Associate Professor University of Minnesota Saint Paul, Minnesota
This presentation will provide an overview of a three-year, multipart study into the viability of multiple retrofit approaches for residential wall systems, conducted in partnership by the Pacific NW National Laboratory, the Oak Ridge National Laboratory, and the University of Minnesota. The study focused on the thermal, moisture and economic performance of 14 wall assemblies (cavity fill, interior and exterior approaches with/without removing existing siding), including traditional and experimental approaches, using a typical residential wall as a baseline. Each wall retrofit system was physically tested at the University of Minnesota and then simulated for energy and moisture performance. Along with the physical performance of each wall, researchers worked with a local cost estimator to gather material and cost data to assess the techno-economic viability of the wall systems. We will present overall findings including an overview of the wall systems chosen, energy and moisture performance along with the economic analysis. Additionally, we will discuss findings related to constructability and installation for each wall tested.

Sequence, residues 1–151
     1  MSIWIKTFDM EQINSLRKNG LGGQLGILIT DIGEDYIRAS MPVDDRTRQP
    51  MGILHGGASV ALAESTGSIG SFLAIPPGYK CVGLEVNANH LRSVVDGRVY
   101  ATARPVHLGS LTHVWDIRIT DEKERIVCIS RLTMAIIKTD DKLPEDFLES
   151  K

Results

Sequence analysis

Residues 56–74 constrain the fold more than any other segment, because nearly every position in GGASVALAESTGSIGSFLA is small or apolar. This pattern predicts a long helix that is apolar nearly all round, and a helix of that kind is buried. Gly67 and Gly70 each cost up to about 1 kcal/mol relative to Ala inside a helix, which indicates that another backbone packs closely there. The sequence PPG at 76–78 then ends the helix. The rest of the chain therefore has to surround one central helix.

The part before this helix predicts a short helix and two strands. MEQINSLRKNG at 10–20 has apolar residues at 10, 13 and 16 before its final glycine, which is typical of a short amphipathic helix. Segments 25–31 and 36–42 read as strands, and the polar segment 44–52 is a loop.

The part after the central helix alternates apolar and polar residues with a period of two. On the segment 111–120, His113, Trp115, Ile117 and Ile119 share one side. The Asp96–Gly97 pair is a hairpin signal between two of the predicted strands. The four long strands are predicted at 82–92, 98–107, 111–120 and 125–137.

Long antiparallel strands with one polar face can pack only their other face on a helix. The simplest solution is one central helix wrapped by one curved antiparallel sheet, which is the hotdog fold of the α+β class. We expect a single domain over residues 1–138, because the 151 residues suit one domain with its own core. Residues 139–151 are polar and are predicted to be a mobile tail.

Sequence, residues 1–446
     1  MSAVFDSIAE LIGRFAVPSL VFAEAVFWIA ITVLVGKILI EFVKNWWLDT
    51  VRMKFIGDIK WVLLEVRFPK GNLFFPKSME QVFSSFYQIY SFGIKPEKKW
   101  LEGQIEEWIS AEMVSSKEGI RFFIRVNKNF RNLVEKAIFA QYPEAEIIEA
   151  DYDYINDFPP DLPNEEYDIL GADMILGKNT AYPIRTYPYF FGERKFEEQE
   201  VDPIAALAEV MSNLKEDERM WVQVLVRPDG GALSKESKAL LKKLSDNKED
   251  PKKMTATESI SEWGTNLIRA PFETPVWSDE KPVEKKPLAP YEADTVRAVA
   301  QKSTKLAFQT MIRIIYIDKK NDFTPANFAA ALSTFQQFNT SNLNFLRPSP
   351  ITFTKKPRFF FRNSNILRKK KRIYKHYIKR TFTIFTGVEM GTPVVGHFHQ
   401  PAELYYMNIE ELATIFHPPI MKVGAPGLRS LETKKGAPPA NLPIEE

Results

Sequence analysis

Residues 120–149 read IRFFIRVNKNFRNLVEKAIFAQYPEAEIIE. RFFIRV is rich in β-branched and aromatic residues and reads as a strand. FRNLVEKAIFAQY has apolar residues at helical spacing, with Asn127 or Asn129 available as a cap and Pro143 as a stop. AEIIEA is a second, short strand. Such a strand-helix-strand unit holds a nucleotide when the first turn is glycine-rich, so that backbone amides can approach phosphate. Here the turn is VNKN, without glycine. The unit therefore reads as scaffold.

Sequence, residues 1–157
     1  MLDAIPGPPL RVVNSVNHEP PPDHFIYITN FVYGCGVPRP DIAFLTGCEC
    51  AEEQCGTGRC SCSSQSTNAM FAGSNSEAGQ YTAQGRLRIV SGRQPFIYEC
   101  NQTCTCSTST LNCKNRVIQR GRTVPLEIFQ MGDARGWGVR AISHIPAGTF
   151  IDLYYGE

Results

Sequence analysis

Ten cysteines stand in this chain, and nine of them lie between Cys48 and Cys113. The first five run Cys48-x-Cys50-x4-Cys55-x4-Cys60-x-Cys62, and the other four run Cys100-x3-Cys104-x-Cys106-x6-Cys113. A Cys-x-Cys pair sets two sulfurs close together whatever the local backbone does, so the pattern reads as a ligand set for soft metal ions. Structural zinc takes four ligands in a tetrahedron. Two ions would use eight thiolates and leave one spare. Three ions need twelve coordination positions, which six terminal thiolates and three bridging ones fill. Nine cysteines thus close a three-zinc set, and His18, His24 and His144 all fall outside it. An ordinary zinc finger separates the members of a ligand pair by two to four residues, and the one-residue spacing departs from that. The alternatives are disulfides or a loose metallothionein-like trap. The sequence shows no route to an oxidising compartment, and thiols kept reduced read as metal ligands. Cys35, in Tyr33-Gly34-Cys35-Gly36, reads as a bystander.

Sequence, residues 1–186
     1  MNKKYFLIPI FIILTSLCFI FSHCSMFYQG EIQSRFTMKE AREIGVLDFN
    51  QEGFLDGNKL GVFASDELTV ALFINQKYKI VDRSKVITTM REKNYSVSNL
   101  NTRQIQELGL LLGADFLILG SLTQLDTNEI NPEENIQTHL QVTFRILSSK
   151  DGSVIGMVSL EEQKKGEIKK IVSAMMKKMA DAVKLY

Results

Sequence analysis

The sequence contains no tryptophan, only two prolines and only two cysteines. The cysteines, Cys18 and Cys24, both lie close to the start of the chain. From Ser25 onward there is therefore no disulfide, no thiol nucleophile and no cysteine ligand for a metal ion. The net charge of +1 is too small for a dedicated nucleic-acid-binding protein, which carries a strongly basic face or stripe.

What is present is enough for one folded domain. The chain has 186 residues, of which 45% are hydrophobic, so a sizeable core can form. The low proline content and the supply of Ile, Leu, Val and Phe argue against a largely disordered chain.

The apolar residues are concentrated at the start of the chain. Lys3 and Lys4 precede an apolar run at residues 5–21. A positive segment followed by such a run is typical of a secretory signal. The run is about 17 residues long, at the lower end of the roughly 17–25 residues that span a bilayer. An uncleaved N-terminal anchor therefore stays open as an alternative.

By attending this session, attendees will:
List the energy and moisture performance for many wall retrofit systems that include both traditional and experimental approaches
Describe cost differences associated with labor and materials for 14 different retrofit wall systems
Discuss the opportunities and barriers for new, experimental wall systems and identify ways to overcome market barriers